What Next: Paul Nakazawa
Paul Nakazawa teaches professional practice at Harvard’s Graduate School of Design and works as a business strategist and coach for architecture, landscape architecture, and urban design firms.
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Architectural Record: In the past few years, we've seen the rise of some very big firms. According to Engineering News-Record's list of top design firms, AECOM weighs in at #1 with revenues of $6.5 billion in 2010 and more than 50,000 employees.
Paul Nakazawa: Architects aren't accustomed to these kinds of numbers. There are a few extra zeros at the end of them. It doesn't mean, though, that traditional practices are endangered. It means there's a new kind of animal in the ecosystem.
AR: Why are we seeing this gigantism now?
PN: A confluence of factors is driving it. Developing countries are experiencing rapid urbanization on a gigantic scale, bringing with it massive infrastructural needs. These are not individual-building issues or even aggregate-building issues. They're systemic issues affecting the need for roads, rail lines, subways, healthcare systems, educational systems, entire metropolitan areas. So clients — mostly governments and public-private agencies — are looking for very large firms to manage these projects. Countries like China and Brazil are still spending money.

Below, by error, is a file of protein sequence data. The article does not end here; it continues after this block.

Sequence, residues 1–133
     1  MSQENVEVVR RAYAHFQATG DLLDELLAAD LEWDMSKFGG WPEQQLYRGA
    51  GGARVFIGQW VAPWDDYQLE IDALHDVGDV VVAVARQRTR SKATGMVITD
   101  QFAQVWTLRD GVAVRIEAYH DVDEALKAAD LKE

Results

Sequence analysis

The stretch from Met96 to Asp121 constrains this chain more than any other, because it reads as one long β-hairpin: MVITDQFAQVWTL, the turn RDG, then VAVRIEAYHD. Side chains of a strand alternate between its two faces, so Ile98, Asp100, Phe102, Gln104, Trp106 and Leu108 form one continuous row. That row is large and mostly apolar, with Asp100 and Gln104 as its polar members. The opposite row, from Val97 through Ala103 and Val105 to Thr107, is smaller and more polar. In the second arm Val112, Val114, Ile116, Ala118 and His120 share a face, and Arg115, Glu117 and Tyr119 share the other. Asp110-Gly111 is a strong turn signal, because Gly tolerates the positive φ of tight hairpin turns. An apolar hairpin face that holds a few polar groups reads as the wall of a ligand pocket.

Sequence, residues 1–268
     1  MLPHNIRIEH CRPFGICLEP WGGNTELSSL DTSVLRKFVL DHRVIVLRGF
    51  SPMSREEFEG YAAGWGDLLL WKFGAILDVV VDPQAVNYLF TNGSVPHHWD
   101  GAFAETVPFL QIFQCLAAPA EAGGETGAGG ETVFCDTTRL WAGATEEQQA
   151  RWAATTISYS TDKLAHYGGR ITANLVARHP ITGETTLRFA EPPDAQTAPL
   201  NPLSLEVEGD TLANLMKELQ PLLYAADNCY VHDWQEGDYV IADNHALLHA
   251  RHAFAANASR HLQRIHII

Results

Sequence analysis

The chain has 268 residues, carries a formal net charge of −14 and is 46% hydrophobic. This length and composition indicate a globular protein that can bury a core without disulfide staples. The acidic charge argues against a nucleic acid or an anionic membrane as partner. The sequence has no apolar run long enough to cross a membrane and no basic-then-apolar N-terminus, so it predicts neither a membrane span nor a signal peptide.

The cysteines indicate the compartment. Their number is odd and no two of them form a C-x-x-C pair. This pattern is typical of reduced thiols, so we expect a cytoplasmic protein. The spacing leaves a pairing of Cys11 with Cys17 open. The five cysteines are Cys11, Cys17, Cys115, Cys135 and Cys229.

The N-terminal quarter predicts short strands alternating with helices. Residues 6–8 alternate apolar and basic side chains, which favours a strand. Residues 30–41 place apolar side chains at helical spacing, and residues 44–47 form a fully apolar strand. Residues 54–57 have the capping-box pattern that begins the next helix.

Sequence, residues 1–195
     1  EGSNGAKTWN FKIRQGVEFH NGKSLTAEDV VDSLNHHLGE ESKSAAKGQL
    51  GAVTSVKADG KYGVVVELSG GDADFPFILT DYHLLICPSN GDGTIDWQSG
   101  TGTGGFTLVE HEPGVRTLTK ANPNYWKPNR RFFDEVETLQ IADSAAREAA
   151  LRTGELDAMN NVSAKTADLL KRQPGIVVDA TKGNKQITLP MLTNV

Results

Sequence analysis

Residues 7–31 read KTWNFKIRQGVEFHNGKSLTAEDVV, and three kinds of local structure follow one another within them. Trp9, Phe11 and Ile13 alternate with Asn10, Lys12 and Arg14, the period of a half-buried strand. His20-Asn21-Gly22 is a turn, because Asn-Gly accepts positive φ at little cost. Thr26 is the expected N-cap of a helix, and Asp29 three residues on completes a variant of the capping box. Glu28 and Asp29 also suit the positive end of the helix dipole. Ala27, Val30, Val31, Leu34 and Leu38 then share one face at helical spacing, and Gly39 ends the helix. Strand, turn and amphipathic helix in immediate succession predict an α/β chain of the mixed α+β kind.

AR: Has this ever happened before?
PN: In the 1980s, a group of firms — mostly in the U.K. — experimented with going public and selling shares on the London Stock Exchange. After the stock market crash in 1987, most of these firms saw the value of their shares get hammered and in the following years suffered substantial losses. Although firms today are using different means to grow, the emergence of very big entities raises the question: Are we just doing the same stupidity, but on a larger scale?
AR: How big is big?
PN: To be a real global player, you need over 1,000 employees. At that size you can take risks. Firms with 200-to-400 people can't do that; if one giant project doesn't work out, it could take down the company. Smaller firms with around 100 people can work globally if they offer just design; they can be nimble. A lot of mid-size firms that had been 300 people are now down to 60 or 70. The really big firms can go public and sell shares. The amount of money you need to play in the big leagues today is much larger.
AR: How is the current economic situation affecting the landscape of big firms?
PN: This recession will be a real watershed. It will separate those firms that are able to come to grips with technology, diversification, and globalization from those that can't.
AR: What do you forecast for the near future?
PN: In the first 10 years of this century, we saw lots of liquidity at low interest rates. So there was economic exuberance. A lot of it was just smoke and mirrors. Business usually runs on 30-year cycles, so we probably won't see the same kind of exuberance for awhile. But we're not done with this crisis yet. If you're in a big storm, it always seems safer to be on a big boat.
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